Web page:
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Foot-and-mouth disease: Preparing now for market disruption

Progressive Cattle Editor Cassidy Woolsey Published on 29 September 2021

“Foot-and-mouth disease [FMD] is going to be a bigger disaster when it comes to market disruption than what we faced with COVID-19,” said Danelle Bickett-Weddle, associate director for the Center for Food Security and Public Health at Iowa State University.

During the virtual Driftless Beef Conference in January, Weddle encouraged viewers to “err on the side of caution” when it comes to one of the most contagious diseases of cloven-hooved animals. A disease, she said, that would not only impact the movement of animals to market but would also bring international trade to a screeching halt.

“This market disruption could impact food availability much like we saw with COVID-19,” Weddle said. “Moving animals out of the feedlot to market could be slowed initially as disease control measures are put in place. FMD will impact the economic viability of livestock producers. Balancing disease control efforts with the risks of animal and animal product movement to ensure business continuity is pretty complex.”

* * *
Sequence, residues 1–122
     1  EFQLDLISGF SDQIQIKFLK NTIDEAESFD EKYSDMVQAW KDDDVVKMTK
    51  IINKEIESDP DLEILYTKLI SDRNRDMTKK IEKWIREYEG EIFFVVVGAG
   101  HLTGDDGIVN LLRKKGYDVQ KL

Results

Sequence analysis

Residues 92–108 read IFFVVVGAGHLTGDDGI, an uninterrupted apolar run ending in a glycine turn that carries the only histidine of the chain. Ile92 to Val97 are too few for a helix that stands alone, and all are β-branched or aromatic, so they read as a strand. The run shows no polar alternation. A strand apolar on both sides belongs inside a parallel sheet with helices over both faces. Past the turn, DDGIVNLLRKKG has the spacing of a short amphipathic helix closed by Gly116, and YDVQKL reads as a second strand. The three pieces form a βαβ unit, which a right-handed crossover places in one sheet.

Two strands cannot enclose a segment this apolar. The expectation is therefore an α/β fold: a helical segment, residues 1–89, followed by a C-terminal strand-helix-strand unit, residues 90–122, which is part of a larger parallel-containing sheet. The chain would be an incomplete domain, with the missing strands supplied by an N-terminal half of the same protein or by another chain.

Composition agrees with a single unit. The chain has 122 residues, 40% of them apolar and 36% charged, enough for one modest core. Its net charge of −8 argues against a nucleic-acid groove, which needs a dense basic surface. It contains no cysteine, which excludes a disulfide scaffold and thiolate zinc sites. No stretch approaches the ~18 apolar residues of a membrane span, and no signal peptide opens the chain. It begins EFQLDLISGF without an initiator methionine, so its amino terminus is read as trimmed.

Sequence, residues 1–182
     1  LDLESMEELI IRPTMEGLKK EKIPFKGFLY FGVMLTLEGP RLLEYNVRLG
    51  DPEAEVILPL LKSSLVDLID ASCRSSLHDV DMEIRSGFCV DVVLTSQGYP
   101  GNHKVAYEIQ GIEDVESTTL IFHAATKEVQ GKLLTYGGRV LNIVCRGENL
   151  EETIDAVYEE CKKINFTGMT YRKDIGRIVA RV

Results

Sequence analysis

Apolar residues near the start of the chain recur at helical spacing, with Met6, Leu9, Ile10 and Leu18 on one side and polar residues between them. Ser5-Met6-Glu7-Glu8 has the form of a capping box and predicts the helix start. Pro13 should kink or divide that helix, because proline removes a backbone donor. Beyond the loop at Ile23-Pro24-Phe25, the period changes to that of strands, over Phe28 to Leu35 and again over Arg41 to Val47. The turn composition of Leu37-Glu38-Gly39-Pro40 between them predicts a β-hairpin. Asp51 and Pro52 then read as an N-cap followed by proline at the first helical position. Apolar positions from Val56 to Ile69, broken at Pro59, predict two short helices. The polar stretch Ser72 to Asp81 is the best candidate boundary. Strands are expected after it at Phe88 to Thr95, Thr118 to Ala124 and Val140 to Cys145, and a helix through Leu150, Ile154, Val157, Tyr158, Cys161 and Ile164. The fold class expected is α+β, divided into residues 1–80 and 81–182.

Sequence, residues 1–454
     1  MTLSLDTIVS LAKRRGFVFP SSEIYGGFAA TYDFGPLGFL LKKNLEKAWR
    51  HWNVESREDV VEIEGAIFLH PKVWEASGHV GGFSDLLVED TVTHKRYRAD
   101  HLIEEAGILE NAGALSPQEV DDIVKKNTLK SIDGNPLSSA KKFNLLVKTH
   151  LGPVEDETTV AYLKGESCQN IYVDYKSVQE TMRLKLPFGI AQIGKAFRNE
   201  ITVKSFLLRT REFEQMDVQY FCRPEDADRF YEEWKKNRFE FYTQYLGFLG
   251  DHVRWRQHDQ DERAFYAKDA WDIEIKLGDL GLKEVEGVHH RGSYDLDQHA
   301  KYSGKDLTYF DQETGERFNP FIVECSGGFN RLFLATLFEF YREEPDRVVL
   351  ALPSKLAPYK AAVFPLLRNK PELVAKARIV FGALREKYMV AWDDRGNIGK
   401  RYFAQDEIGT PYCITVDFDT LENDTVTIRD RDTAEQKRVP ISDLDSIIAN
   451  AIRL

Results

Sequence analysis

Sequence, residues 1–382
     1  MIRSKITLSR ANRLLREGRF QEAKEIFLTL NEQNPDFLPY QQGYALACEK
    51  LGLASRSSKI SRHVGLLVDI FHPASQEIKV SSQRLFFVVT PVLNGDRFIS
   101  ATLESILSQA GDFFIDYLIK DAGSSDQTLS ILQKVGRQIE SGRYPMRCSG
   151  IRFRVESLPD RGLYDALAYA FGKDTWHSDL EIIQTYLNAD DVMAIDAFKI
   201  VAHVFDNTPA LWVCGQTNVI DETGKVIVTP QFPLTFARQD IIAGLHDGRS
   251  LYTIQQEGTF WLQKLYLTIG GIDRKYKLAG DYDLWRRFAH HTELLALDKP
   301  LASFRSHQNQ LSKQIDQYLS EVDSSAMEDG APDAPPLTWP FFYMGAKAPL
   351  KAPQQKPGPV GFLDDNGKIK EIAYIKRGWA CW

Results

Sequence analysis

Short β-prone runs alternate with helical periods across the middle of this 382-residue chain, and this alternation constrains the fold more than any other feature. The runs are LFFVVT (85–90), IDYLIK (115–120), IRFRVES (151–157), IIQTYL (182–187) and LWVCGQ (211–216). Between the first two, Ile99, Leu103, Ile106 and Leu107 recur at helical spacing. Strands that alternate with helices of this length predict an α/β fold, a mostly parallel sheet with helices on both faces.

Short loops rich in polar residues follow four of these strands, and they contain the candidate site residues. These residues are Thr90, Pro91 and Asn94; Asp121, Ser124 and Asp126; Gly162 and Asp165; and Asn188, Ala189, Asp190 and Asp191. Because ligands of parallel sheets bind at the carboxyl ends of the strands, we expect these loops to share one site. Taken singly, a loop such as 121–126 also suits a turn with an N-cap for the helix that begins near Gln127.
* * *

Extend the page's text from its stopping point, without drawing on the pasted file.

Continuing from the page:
For more than a decade, there has been significant effort in the U.S. to develop response plans that support disease containment to detect, control and contain FMD while not destroying the industry in trying to eradicate the disease. Although the U.S. has not had a case since 1929, two-thirds of the world is currently dealing with FMD in their livestock populations.

“We all know that diseases move,” Weddle cautioned. “Things are happening in the swine world with African swine fever. We are worried about that, and the swine industry is taking preparedness actions for African swine fever. Same thing with FMD; we need to make sure we are doing things now to best protect our cattle.”